Weather: Rain, rain and more rain.
Reporting as John Kippin and Nicola Neate : We have been living on North Uist for just over a year. During that time we have moved house on three separate occasions; we have had a catastrophic general election resulting in a reactionary Conservative Government; much of the World has caught fire due to accelerated Climate Change; the U.K. has ‘left’ the E.U; has been one of the wettest winters for years; and if we were not isolated enough by virtue of living on the Western Isles, we are now obliged to further isolate ourselves due to the Coronavirus (COVID-19) sweeping across the World, although at the time of writing , there are no known cases in the Outer Hebrides.
A one year commitment to writing a diary/blog, to document our time and activities for the project ‘In this Day and Age’ was our goal, however, we have reconsidered this decision…given the extraordinary sequence, of almost apocalyptic events, it feels incumbent upon us to continue to relate our experiences of life, and work, on this island and to further reflect upon these times, whilst continuing to work on our photographic book publication ‘In this Day and Age’.
Everything is being cancelled. The University of the Highlands and Islands (UHI) closed it’s doors on Wednesday the 11th March. Online teaching and tutorials are being put in place. We cannot go to the pub. The swimming pool and gym are closed, even yoga classes have dematerialised. The Arts Centre events have dwindled to a standstill. Our planned Symposium ‘Imaging an Island’ has been postponed, at least. Various exhibitions have been postponed although our ‘in progress’ exhibition will take place at Taigh Chearsabhagh Museum and Arts Centre, this summer.
There has not yet been a recorded case of COVID-19, however, there is an ageing population and should an out-break occur, it could prove catastrophic, as there are minimal medical facilities for intensive care patients. Consequently, the isolation and separation that is applied is essential. Quarantine in a remote place is different and possibly freer than it is in an urban environment. There is still the space and freedom to go on beautiful walks (weather permitting) and there is less temptation to want to go shopping or visit cinemas and cafés, but the silence has intensified and become slightly ominous and we worry about our children (now all adults) and grandchildren. We have had to cancel a planned Easter trip and meet-up (with family) in Glasgow, this is difficult and makes us feel a bit cut-off. Other small things that we have noticed are that people are becoming more cautious with each other and if there is an impromptu meeting, with a fellow being, there is a visible concern and distance is silently being adopted and added to the normal greeting behaviour and mannerisms. A new way of thinking and acting has perhaps begun and will likely not be undone easily.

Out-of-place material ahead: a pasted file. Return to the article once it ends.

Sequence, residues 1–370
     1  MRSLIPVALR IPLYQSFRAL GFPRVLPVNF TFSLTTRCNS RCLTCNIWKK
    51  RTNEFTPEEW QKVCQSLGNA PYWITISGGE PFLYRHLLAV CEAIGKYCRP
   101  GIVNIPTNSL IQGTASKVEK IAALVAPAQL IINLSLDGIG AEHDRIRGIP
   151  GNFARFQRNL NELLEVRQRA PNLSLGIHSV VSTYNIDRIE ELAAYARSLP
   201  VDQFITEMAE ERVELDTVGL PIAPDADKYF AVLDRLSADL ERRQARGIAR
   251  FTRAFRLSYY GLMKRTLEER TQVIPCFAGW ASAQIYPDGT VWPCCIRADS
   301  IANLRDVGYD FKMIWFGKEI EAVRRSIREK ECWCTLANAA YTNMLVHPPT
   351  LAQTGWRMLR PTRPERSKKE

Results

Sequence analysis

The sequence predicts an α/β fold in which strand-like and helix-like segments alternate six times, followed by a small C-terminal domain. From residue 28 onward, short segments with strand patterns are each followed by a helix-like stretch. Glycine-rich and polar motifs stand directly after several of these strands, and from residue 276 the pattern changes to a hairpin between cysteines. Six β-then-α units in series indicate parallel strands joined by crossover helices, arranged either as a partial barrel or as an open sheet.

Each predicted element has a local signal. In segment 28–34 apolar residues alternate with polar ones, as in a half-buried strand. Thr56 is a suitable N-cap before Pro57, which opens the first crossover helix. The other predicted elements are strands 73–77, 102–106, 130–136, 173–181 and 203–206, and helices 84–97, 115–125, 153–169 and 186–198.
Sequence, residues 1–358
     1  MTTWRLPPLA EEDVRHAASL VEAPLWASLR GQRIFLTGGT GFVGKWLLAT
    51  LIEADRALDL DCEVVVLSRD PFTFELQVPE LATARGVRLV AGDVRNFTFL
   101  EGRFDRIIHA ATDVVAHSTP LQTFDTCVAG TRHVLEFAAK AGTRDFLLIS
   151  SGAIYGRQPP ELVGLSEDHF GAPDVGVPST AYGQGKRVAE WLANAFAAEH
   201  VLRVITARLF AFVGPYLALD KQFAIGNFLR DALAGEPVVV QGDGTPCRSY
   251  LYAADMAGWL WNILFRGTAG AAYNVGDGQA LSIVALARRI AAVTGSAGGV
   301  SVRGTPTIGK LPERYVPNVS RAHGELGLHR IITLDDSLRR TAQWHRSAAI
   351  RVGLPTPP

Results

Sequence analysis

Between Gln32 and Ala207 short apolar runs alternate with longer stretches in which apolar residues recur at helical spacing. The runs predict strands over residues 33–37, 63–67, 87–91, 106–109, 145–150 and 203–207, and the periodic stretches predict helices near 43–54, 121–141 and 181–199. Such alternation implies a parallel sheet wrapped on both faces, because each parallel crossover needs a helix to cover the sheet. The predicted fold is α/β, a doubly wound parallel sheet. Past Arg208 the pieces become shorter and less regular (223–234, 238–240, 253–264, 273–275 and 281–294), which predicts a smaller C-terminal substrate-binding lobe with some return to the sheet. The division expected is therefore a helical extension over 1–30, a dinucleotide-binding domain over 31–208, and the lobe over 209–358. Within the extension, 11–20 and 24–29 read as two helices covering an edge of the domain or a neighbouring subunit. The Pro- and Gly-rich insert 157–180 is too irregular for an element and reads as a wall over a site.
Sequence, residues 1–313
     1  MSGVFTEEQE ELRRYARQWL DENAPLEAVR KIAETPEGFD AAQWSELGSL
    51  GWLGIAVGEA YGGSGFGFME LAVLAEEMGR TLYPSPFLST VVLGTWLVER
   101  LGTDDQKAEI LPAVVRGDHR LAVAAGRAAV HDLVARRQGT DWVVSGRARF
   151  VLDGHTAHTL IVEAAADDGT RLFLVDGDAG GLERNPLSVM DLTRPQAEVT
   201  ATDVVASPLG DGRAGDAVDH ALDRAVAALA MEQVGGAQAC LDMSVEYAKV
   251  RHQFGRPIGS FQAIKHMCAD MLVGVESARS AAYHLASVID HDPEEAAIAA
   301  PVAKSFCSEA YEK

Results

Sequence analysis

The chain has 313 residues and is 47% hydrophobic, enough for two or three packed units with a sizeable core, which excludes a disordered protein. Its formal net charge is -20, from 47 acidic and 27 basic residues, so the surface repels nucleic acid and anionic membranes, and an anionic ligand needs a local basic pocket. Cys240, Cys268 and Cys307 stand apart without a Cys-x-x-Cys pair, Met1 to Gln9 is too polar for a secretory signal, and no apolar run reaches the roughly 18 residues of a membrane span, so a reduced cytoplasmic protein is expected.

The Co-ops here have also been afflicted by the much talked about ‘toilet roll collecting’ disease. Kitchen roll is also popular, as are boxes of tissues. The reasonably priced bottles of quality wines are thinning quickly, as alcohol has an obviously beneficial effect on (the concept of) impending isolation, tinned scotch broth is in short supply.. dried lentils are still happily available (for now) although the tinned bean shelves are considerably depleted and there is absolutely no hand sanitizer or soap which is in short supply. In addition to this, the Sunday papers have not arrived on many occasions over the winter due to the high winds making ferry crossings impossible … so no relief there either!
The Co-op’s staff however are commendable, cheerful and stoic in this crisis. A special ‘THANK YOU’ goes out to all those working directly with the public – in ‘frontline’ services.
The characteristic weather here has been predominantly wet – evidently wetter than is usual. Taigh Chearsabhagh basement conference room flooded with the high Spring tides on the 10th and 11th of March (not all together an unusual occurrence). There is at least some encouragement with these floods in that ‘SPRING’ is on its way. The daffodils have begun to bloom.
About 6:00 Dawn and 19:30 Dusk in North Uist and the clocks have not even changed yet! The world is always a little easier to handle when it is warmer and lighter.
We took Alice, our one –year old Siamese cat to the Vet to be ‘spayed’. This has been the cause of much discussion and soul-searching but we are resolved that it was necessary. She is eating well and is recovering well in front of the fire.. Although, scratching and licking her bandaged wound has become an intense occupation, which is challenging to deter. Our other cat Angie (AKA the White Lion) continues to decimate the local rat population and to proudly present their eviscerated and dismembered carcasses at our door. Bless.